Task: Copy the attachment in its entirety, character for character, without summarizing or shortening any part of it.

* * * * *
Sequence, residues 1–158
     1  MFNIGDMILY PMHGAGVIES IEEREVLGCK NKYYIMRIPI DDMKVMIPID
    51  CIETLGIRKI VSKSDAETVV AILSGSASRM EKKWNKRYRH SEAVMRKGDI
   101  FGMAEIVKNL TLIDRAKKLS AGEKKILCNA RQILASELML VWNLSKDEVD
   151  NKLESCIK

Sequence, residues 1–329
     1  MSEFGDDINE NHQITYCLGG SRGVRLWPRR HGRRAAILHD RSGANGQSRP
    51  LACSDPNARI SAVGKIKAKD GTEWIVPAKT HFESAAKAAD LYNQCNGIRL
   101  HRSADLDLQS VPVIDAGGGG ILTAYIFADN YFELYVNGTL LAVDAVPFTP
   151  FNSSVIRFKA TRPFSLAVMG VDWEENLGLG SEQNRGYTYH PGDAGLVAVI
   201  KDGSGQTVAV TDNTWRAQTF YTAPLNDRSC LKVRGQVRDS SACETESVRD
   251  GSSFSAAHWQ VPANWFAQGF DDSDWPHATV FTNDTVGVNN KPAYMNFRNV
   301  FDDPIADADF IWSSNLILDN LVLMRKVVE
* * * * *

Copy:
Sequence, residues 1–158
     1  MFNIGDMILY PMHGAGVIES IEEREVLGCK NKYYIMRIPI DDMKVMIPID
    51  CIETLGIRKI VSKSDAETVV AILSGSASRM EKKWNKRYRH SEAVMRKGDI
   101  FGMAEIVKNL TLIDRAKKLS AGEKKILCNA RQILASELML VWNLSKDEVD
   151  NKLESCIK

Sequence, residues 1–329
     1  MSEFGDDINE NHQITYCLGG SRGVRLWPRR HGRRAAILHD RSGANGQSRP
    51  LACSDPNARI SAVGKIKAKD GTEWIVPAKT HFESAAKAAD LYNQCNGIRL
   101  HRSADLDLQS VPVIDAGGGG ILTAYIFADN YFELYVNGTL LAVDAVPFTP
   151  FNSSVIRFKA TRPFSLAVMG VDWEENLGLG SEQNRGYTYH PGDAGLVAVI
   201  KDGSGQTVAV TDNTWRAQTF YTAPLNDRSC LKVRGQVRDS SACETESVRD
   251  GSSFSAAHWQ VPANWFAQGF DDSDWPHATV FTNDTVGVNN KPAYMNFRNV
   301  FDDPIADADF IWSSNLILDN LVLMRKVVE